I fear it probably doesn't really matter how long the list of organizations that disagree with C11's digital lock provisions gets... as long as it is on the conservative's agenda to pass the bill with those provisions intact, it will pass, because the conservatives hold a majority in parliament, and I think that to them, that's all that ultimately matters. Meanwhile, enough of the people who voted for them are ignorant enough about this whole concept that it probably wouldn't even significantly affect their chances of reelection.
January 30, 2012

IamME said:

...
http://www.ipolitics.ca/2012/0...e-message/

I send iPolitics this comment.

For the article "Will the medium stop killing the message?" he says:

"Allegations by some that the bill will infringe on the rights of private citizens to transfer something they own from one digital medium to another are vastly overstated.

As others have pointed out, the bill would actually afford greater legal protection to consumers by allowing “format shifting” and “time shifting.”"

This is not correct. The presence of digital locks (Which ALL BluRay movies and most DVDs are encumbered with, with both encryption and region coding) trump ALL user rights, including format shifting, time shifting, the ability to make back-ups, personal copies of content you purchase, etc. Kindle books are another example of locked content that would become illegal to convert under C-11, even if you legally purchased it. While mostly, but not entirely gone, DRM protected music would become illegal to convert to any other format. The digital lock rules, like those found the the American DMCA, could have unintended consequences in other sectors, such as the auto and mobile device industries. The digital lock rules is the only serious problem most people I know have with C-11.
January 30, 2012

Alan said:

CBC live chat
C-11 was one of the first issues brought up in the CBC live chat today.
January 30, 2012

Stop Bill C-11 said:

...
Here's the Facebook campaign against it:

http://www.facebook.com/pages/Stop-Bill-C-11-Fight-Harpers-proposed-Copyright-Act-Defend-Your-Data/238789716190627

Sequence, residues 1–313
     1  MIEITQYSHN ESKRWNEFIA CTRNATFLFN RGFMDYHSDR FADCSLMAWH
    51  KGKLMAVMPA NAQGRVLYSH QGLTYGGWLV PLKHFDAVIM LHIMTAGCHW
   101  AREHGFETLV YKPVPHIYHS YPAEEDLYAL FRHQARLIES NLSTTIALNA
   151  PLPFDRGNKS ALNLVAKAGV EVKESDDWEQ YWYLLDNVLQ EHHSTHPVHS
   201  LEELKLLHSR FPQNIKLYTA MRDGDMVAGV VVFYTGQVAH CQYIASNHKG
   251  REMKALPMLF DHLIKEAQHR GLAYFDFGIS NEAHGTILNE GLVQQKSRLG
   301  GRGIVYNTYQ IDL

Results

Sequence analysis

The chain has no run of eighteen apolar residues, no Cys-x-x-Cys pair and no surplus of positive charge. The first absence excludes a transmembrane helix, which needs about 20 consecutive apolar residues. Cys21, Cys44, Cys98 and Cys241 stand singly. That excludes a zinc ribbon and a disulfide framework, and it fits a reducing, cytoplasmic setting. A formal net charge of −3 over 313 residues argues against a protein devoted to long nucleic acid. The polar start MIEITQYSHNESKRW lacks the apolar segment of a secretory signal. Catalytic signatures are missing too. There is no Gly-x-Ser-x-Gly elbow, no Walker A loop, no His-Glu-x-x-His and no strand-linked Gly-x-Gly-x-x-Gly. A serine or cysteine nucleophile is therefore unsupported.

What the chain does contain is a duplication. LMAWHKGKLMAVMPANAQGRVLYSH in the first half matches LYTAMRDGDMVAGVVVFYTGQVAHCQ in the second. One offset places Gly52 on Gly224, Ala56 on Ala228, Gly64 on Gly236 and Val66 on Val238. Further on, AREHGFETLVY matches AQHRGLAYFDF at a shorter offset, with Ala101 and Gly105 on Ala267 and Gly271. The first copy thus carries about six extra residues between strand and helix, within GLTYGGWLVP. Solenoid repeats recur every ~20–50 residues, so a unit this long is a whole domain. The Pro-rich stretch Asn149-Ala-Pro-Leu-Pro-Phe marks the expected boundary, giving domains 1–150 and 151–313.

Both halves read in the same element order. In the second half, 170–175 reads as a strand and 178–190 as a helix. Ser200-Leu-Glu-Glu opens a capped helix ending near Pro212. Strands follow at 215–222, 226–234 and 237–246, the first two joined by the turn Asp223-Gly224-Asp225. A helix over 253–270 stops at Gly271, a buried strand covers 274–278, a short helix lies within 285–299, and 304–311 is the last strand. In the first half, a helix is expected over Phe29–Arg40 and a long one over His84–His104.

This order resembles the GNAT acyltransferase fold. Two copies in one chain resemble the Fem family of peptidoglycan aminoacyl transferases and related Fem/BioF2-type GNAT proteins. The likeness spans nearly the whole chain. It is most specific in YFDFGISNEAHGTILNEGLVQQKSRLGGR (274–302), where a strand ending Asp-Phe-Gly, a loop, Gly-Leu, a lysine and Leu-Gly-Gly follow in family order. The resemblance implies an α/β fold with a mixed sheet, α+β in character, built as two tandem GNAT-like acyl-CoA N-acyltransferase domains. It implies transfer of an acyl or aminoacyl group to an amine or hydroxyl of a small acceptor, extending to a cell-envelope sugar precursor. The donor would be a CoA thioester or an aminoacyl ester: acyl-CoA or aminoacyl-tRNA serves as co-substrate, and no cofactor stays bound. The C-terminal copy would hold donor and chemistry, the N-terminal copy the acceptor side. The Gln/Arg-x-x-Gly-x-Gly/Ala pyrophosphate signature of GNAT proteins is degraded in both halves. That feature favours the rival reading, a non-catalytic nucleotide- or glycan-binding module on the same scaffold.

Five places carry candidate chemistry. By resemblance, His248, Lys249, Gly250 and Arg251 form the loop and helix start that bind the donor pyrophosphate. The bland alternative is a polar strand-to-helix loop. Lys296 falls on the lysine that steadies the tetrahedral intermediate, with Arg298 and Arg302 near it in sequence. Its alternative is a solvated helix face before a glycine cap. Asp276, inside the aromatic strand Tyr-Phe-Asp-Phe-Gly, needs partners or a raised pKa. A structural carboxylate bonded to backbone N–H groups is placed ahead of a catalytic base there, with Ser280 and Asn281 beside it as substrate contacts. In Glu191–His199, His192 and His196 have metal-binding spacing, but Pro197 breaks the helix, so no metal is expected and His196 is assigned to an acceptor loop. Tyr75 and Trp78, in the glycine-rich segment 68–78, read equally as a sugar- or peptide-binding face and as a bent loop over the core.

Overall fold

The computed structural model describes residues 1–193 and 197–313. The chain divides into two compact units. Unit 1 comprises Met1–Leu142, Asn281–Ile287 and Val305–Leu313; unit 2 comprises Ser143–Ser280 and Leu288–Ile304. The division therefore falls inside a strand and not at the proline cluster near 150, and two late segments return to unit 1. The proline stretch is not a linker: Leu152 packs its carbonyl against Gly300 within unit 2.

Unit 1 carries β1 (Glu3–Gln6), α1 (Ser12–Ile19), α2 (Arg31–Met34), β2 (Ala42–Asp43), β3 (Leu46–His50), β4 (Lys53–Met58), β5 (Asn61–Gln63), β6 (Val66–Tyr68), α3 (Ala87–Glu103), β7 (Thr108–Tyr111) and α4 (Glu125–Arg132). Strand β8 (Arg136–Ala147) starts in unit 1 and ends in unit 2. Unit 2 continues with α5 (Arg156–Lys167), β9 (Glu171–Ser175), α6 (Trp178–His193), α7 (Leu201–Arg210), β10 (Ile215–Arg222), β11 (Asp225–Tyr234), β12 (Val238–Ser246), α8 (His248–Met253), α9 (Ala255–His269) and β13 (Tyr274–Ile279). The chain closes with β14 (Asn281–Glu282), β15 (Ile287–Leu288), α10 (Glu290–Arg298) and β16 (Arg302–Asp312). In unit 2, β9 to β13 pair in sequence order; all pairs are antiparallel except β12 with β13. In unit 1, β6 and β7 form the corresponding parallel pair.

January 30, 2012

"Dr. Freedom" said:

Bill C-11 Will Pass... then What to Do?
Take action with your wallet. It's much more effective than writing letters to your favorite politician:

http://resistcorptyranny.wordpress.com/
January 30, 2012

Mark said:

...
All taking action with one's wallet in the case of protesting C11 after it passes means is voluntarily ostracizing oneself from a highly technological society that is only growing increasingly dependent on digital storage and storage mediums. The only hope that remains, I think, is for the extent of the digital lock provisions to be shown to be either unconstitutional, or otherwise fundamentally incompatible with the concept of copyright... and although definitely not impossible, I don't think the odds are particularly great on that front either.
January 30, 2012

Guss said:

@Mark
"All taking action with one's wallet in the case of protesting C11 after it passes means is voluntarily ostracizing oneself"

I'd rather spend my time and money elsewhere, by choice, than pay the bully.
January 31, 2012

jj said:

The real question is
Can we get wikipedia to go black for bill c-11 or do any of the "dissenters" have a web site that has 300 million hits a day?

otherwise they will all be ignored.
January 31, 2012

oneforall said:

blackout day
I really hope that Google.ca will be in on a blackout day also.
February 01, 2012

IamME said:

Blackout day
The real question is will anyone in Canada even notice or care?
February 01, 2012

Halina McKenzie said:

Citizen
You forgot to add MegaUploads to the list of objectors...
February 02, 2012

Sheogorath said:

Halina McKenzie
MegaUploads was a p2p site that made money from large scale copyright infringement, not a site that provided DRM circumvention tools. What was your point, exactly?
February 18, 2012